Saturday, 9 November 2013

PIXO Design: Greenbelt Trails Wayfinding

PIXO Design is a creative studio in Ottawa, Canada. They were commissioned to design a wayfinding system for "a complex network of over 150 kilometres of trails that crisscross the National Capital Greenbelt." This was an area of about 200 square kilometres, made up of forests, farms and wetlands surrounding Ottawa. They decided to mark the trails in waypoints (a waypoint is a reference point, set up in a physical space, which is used for navigational purposes), meaning that users could string the waypoints together to create their own itinerary. PIXO said of this, "Since a waypoint’s identity is specific to a location, it also improves safety and security by allowing a more accurate means of locating people in case of emergency."

Their fingerposts hold a small map that shows all waypoints. This makes sure that hikers know where they are and how far other waypoints are from their current destination. The fingerposts also hold information regarding how to back to packing lots.

Colour has been used to give the wayfinding signs a clear appearance. The combination of green and brown will alert hikers immediately of the wayfinding system. However, I'm not sure that these signs would stand out from a distance. It seems to me that their use of green and brown will make the signs blend completely into their surroundings of trees and foliage. Perhaps more vivid and contrasting colours would be better suited here.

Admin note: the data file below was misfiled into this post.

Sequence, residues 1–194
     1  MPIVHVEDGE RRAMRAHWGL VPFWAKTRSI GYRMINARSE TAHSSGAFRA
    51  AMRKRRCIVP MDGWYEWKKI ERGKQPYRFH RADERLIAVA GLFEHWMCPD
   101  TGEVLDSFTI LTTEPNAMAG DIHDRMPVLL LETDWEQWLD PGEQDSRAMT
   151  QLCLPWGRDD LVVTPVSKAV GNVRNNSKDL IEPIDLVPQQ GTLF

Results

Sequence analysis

The positioning of the map and other information has been cleverly done. The map is slightly lower than your average eyeline, meaning that children and people in wheelchairs will be able to clearly read the map. I have noticed that when confronted with a map, people usually point at it, using their finger as a grounding point so that they can understand the map more clearly. This can also be seen in the above photograph! The map is therefore at a perfect height for everyone to do this.

The following information, which signals directions to important places (such as parking), is then resting at a higher point on the sign. This means that people are alerted of a wayfinding system from a distance and do not need to get too close to the fingerpost to see what direction they are looking for.

I think that these designs are clear enough for a child to understand them, yet they would not be able to capture a children's attention, for they are really laid of for adults to read. 


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